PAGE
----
Here is a link to the exact tour we chose: Private Great Wall of China Tour at Sunset

Our guide, Tony Son, picked us up at our hotel at 10 a.m. (right on time!) and dropped us off around 7 p.m.

The only drawback to our Great Wall of China Tour is we didn’t get the promised sunset shot because the pollution levels were high. Although, Tony’s personality made up for it. It turned out to be a really fun and engaging day – a real plus since it was Kim’s birthday.

His knowledge was priceless. We aren’t big tour people, but sometimes having someone with the knowledge around really enhances the experience. We learned a bunch of details that we would have normally missed out on. Specifically, such as where to find the stamped bricks, something we would have completely missed.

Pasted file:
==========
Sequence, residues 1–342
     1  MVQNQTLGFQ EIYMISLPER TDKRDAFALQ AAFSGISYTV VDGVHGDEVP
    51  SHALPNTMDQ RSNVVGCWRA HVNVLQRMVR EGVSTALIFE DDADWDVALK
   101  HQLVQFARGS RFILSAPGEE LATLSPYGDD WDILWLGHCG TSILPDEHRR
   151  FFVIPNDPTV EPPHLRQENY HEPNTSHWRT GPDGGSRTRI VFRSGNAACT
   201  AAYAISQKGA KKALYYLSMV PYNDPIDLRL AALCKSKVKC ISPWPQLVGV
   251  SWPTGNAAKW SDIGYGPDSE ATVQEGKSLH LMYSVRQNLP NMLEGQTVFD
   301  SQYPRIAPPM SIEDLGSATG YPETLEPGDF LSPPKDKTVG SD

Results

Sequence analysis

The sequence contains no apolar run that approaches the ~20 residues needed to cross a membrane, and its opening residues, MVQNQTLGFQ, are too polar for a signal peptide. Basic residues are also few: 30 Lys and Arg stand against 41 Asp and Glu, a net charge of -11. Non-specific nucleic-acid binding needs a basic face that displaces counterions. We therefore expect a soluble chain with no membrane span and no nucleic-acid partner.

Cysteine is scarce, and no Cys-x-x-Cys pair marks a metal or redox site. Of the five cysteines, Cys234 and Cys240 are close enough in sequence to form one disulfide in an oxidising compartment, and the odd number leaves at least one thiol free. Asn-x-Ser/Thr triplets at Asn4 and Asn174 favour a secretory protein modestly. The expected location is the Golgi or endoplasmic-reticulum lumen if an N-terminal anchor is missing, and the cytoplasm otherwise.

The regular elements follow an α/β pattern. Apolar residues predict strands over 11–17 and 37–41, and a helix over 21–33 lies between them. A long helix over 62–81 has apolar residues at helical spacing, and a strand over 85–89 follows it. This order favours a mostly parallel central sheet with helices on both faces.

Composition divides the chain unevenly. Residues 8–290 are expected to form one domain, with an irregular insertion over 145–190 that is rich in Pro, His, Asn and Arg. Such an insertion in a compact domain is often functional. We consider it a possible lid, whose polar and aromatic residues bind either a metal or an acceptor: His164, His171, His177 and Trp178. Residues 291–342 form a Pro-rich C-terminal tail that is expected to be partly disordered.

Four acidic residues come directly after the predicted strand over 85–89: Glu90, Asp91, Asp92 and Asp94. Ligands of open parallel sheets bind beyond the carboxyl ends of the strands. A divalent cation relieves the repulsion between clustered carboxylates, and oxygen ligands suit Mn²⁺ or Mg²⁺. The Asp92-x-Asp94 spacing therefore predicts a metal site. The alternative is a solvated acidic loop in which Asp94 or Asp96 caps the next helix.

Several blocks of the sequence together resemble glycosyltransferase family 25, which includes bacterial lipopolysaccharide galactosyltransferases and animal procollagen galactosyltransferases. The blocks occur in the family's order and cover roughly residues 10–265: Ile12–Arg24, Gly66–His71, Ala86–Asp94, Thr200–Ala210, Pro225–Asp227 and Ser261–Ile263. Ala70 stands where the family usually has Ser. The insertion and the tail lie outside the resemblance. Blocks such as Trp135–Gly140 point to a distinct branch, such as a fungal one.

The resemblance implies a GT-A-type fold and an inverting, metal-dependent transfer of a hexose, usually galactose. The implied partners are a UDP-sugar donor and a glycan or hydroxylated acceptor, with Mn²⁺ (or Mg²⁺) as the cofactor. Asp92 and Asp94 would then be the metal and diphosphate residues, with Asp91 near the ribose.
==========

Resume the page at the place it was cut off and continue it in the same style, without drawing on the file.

Additionally, this tour includes lunch at a local farmer’s “restaurant” – a definite plus. I use quotes because it is more of a family’s home with an enclosed patio with tables. The food was excellent. Kim, who dislikes tofu, loved this family’s tofu soup and of course, it was a mom and pop kitchen. We ate far too much because it tasted so good.

The History of the Great Wall of China

One of the Seven Great Wonders of the World, the Great Wall of China is the universal symbol of China.

The Great Wall is not a single unit nor was it built at one time. Construction began in the 7th Century BCE and ended 1878 – a span of 2,500 years.

Throughout history, China’s territory expanded and contracted. Many Great Walls emerged to reflect the changing borders. This results in multiple Great Walls paralleling each other and other oddities such as sections in the center of modern China.